It seems like everyone is a cryptoasset investor these days. The surging value of Bitcoin, increased legitimacy leant to the sector by the recommendations from established institutions, and the long hours the world has spent in front of its laptop without alternative distraction has created a booming market for digital assets, which has expanded beyond cryptocurrencies such as Bitcoin and led to mainstream adoption of formally niche products like NFTs. In short, all the signs are that, as and when dinner parties start becoming a thing again, there’s a fairly good chance that you can expect to have your ear bent about how digital assets are the road to riches and, what’s more, it might just be an investment professional doing the preaching.
However, it’s perhaps less likely (unless of course you are extraordinarily lucky in the dinner parties you get invited to) that discussion will move from talk of enticing returns to the somewhat less enticing legal basis on which cryptoassets are held by intermediaries for investors and, as a result, the nature of the recourse that investors may have vis-a-vis the intermediary if problems arise. This is an important question, because the majority of cryptoassets are currently held via intermediaries such as exchanges, which offer investors commercial convenience while also exposing them to risks, such as hacker theft. It is also a difficult question, with this being an area of the law that is in development and full of puzzling complexities. We are therefore very fortunate to welcome two such distinguished practitioners as Andrew Spink QC of Outer Temple Chambers and Hin Lui of Oxford University to explain the key issues.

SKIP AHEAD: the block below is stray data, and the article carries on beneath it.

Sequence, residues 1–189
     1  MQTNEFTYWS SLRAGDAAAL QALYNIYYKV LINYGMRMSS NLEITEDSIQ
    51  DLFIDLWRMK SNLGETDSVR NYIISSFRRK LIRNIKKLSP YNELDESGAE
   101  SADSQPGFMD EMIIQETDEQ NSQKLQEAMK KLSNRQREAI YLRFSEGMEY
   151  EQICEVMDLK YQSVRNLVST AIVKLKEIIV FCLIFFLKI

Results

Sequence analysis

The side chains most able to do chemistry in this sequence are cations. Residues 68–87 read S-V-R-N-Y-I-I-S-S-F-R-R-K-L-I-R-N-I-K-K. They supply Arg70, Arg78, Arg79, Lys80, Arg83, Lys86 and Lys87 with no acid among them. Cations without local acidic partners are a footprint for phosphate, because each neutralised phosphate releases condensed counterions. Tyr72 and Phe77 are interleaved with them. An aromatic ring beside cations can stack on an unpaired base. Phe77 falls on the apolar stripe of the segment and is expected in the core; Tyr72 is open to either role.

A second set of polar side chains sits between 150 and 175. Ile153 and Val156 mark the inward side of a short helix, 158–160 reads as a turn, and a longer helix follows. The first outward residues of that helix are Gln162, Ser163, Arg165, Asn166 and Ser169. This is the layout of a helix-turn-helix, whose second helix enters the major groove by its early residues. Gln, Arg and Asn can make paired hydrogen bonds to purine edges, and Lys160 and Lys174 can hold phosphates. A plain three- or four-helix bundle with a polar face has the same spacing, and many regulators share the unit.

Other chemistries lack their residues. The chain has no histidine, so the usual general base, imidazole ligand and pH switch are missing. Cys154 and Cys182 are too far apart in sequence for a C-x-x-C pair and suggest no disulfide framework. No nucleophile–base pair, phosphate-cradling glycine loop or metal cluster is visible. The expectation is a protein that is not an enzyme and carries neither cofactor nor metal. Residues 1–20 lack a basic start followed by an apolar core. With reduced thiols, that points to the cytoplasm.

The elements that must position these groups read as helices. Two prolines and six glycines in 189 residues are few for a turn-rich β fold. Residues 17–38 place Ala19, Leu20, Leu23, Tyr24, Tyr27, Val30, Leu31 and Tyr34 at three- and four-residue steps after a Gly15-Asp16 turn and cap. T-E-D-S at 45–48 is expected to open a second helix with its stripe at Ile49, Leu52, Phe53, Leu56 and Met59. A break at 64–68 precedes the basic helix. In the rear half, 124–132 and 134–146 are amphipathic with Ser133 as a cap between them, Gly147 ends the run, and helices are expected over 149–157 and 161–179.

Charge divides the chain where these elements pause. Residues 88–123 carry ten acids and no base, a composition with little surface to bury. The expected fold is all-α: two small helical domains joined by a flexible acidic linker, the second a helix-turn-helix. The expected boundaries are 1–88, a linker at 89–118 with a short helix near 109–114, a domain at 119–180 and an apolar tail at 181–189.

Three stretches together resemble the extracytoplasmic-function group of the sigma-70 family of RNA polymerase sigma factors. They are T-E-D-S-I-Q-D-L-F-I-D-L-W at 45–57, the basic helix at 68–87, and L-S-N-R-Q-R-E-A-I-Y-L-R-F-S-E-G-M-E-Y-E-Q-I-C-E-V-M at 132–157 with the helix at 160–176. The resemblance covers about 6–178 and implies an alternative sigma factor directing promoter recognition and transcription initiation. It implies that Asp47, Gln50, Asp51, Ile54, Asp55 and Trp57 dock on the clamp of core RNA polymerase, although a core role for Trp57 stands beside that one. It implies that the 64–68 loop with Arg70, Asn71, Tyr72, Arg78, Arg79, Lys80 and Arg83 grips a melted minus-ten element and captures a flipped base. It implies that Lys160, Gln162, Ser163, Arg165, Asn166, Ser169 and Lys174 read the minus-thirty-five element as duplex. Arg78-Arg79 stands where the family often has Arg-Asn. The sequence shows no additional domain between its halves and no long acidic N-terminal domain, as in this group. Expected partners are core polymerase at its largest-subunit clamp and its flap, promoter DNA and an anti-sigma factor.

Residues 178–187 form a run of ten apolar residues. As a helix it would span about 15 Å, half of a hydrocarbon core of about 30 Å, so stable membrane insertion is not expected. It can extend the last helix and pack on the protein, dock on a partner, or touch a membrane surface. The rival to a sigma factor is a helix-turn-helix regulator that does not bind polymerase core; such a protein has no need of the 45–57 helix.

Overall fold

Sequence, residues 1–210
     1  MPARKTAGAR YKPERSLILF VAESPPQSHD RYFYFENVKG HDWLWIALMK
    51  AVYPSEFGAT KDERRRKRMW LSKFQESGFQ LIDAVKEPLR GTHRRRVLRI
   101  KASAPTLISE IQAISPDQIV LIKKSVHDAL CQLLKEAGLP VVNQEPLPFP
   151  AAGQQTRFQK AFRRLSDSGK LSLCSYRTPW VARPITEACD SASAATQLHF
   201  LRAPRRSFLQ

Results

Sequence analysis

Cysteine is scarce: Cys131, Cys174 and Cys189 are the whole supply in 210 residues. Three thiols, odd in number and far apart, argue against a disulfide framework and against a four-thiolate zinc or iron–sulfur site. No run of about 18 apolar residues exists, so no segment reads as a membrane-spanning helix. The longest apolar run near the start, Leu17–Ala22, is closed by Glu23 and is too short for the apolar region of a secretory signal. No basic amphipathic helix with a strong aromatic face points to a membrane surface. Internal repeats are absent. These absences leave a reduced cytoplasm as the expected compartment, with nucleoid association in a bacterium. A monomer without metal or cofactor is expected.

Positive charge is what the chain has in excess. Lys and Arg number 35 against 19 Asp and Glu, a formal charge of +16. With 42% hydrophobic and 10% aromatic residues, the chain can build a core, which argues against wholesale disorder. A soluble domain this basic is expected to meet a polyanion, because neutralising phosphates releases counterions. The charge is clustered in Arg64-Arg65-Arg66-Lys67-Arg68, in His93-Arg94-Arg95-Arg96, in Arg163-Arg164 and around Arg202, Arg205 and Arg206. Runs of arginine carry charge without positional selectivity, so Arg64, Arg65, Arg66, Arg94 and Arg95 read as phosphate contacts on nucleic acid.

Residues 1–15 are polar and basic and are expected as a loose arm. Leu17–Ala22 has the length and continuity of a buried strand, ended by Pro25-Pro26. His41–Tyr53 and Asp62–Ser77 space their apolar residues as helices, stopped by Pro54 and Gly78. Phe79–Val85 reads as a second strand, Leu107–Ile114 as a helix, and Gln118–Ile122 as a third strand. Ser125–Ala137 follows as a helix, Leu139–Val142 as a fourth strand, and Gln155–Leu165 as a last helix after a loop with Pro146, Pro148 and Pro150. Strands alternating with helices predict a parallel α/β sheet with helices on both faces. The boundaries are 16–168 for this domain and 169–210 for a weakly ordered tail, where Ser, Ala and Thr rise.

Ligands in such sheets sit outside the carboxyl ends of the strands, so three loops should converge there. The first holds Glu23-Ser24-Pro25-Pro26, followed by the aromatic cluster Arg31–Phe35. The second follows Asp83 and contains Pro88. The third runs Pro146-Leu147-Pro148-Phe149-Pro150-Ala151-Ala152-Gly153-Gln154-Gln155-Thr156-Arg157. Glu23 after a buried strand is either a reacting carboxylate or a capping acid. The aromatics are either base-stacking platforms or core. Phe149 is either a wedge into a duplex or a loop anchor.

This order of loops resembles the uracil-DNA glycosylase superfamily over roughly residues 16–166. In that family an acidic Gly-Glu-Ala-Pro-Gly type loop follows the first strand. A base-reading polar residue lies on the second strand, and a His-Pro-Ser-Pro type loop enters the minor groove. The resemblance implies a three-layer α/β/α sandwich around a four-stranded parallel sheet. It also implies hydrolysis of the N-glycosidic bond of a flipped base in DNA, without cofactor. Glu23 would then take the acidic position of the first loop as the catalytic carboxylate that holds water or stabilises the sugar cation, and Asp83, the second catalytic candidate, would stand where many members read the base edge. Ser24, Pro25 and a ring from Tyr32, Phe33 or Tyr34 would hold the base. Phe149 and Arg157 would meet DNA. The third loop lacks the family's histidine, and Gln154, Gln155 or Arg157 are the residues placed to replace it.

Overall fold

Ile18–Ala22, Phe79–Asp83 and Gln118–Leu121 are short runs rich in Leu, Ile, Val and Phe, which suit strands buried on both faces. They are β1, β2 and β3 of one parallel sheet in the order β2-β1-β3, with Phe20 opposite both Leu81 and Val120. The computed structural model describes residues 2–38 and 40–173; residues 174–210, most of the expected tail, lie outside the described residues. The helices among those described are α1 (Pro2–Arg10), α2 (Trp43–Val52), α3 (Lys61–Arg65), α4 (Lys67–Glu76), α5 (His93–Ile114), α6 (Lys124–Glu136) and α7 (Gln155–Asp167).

Andrew is one of the country’s preeminent silks, a Deputy High Court judge and the co-head of Outer Temple Chambers, who are increasingly a leader in this space. Hin is a lecturer at Oxford University, the author of academic publications on the topic of this podcast, and legal consultant to Fusang, Asia’s first fully licensed digital stock exchange.
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